It seems not too many people are liking what I wrote in my submission to the department of Agriculture regarding regulations for the Animal Cruelty Act.
It would seem that most people would have assumed that I would have just blatantly come out and said - ban the permanent tethering of dogs in Nova Scotia. Period.
But life just isn't that easy, is it? If we did that - what would happen to all the dogs who had been permanently chained the day after the ban came into effect? Is it better for them to die than it is for them to live? I don't know and I don't want to be responsible for that - and I really don't think Nova Scotia is ready for a ban on Tethering - we are way too rural for that.
What I would much rather see is the people who go and visit the tethered dogs who have the power to remove the neglected ones actually have the power to remove them - and currently for some reason they don't feel like they do - so that's what I was trying to talk about in my submission.
I was also not interested in talking about how to chain a dog more successfully - so I did not talk about things like what the gauge of the chain should be, what the minimum length of the chain should be, or talked about the dog house.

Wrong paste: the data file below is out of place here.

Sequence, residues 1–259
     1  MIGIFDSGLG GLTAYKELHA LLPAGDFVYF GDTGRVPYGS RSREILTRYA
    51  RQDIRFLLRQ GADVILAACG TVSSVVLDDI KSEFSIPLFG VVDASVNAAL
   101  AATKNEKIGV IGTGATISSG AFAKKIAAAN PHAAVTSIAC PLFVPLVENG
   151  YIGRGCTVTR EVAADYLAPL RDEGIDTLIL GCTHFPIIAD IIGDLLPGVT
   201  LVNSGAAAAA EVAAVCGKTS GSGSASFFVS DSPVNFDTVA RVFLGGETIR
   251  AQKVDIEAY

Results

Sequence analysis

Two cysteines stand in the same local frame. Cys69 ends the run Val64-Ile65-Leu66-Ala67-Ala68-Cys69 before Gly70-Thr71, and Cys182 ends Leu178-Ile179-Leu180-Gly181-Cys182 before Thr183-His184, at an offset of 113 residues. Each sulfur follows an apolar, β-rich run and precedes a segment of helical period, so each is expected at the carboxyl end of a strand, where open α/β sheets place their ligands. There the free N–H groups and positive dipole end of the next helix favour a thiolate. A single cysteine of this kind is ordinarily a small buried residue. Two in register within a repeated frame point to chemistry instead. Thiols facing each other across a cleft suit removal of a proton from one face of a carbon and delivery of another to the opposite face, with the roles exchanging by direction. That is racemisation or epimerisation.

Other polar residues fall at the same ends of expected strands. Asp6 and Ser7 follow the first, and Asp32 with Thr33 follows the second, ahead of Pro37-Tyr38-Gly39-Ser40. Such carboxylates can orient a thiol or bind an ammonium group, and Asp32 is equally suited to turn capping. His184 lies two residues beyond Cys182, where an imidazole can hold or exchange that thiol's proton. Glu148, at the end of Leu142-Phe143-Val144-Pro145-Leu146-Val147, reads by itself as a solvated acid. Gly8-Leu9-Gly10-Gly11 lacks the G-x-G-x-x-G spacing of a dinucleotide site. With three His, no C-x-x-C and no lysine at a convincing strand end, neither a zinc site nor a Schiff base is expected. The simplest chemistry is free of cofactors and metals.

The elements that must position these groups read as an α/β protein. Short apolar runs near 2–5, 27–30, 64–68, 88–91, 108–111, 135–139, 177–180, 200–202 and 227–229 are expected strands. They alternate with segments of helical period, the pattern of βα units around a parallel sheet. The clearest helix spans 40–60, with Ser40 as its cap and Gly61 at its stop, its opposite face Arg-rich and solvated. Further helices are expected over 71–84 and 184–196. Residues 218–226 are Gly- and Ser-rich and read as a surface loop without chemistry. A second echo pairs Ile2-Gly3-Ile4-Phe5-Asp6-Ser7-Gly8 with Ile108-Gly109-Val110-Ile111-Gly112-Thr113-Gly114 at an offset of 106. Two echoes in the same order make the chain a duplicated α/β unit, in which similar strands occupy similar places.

Te only things I talked about were signs of neglect that would warrant removal of the dog - that is what I wanted the regulations to focus on - not ways to make the dog more comfortable - but for ways to be able to remove the dog.
They were looking for definitions of distress - and that's what I tried to provide.
And then at the end I said what was needed was supervised tethering - just because I don't think a ban on permanent tethering is the answer does not mean I am a proponent of it. Anyone who would think that is either misreading what I wrote or reading something into what I wrote for their own agenda.
I hope the government takes the welfare of our companion animals seriously - even the ones that aren't cared about by their owners. Especially when the rhetoric around this issue can get so ridiculous it can border on the sublime.